Nursing Instructor

Nursing Instructor

  1. What is a Nursing Instructor?

    A Nursing Instructor (also referred to as a Nurse Educator) teaches students for entry into nursing positions. The educator’s students might be those preparing for a Certified Nursing Assistant (CNA) role, Licensed Practical/ Vocational nurse (LPN/ LVN) license, Registered Nurse (RN) license at the Associate, Bachelor or Master’s degree level. The Nursing Instructor might also teach other nurse educators, administrators, or researchers in any healthcare setting.

  2. Quick Facts about Nursing Instructors/ Educators:

    The Bureau of Labor Statistics classifies nursing instructors in with a broader class of postsecondary instructors. Therefore, these statistics apply to the entire class. However, the median pay is specific to a nursing instructor.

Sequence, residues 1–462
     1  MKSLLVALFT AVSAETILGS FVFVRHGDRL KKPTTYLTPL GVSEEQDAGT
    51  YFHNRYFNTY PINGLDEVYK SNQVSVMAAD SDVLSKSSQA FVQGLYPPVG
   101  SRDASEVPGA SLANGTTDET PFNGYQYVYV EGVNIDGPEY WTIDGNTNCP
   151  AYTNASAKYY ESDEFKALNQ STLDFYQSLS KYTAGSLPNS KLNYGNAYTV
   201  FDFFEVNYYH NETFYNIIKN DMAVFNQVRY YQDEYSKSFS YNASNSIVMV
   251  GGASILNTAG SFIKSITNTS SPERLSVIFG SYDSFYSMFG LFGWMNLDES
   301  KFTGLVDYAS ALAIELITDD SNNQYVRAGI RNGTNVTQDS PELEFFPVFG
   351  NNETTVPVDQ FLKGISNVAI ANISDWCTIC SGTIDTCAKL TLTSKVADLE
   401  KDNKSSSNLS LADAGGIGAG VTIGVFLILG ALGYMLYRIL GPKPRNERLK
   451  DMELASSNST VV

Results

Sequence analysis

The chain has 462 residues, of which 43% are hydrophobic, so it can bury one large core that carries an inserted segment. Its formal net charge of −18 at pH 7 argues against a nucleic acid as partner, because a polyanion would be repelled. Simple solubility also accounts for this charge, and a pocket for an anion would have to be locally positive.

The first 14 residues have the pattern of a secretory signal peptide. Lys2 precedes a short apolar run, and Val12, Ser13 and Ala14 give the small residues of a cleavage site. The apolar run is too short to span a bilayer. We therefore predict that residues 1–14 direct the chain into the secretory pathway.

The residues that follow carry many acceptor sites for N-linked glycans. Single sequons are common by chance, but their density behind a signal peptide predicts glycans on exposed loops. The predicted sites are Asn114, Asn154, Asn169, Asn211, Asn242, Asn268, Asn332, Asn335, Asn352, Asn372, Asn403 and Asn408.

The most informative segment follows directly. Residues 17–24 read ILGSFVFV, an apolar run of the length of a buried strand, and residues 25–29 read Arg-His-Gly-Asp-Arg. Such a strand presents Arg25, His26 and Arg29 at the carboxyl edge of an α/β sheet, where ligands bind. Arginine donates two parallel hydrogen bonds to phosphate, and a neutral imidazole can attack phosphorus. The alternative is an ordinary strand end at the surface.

• 2015 Median Pay (Nursing Instructor)
    • $67,480
    • Number of Jobs in 2014 (all postsecondary)
    • 1,313,000
    • Job Prospects from 2012-2022 (all postsecondary)
    • Much faster than average
    • Projected Employment Change from 2014-2024(all postsecondary)
    • 177,000
    • Areas of Growth (Nursing Instructor)
    • All nursing programs

    Figure 1: Accessed online from Bureau of Labor Statistics July 2016

  3. What does a Nursing Instructor do?

    The Nursing Instructor is primarily responsible for teaching nursing content to promote patient/ client and family care. Typically, this content is some combination of classroom and clinical (in a care environment) education. Depending on state-specific scope of practice and the level of student being taught, a Nursing Instructor will do some or all of the following:

    • Collaborate to develop a full curriculum;
    • Plan individual courses based on current best practices;
    • Develop courses based on the plan;
    • Provide education to students;
    • Develop evaluation materials to determine competency of students;
    • Instruct students in hands-on care of patients;
    • Evaluate the students’ progress toward goals;
    • Maintain own clinical competency by continuing clinical work and participating in ongoing continuing education;
    • Consult and collaborate with other instructors to evaluate content and teaching strategies;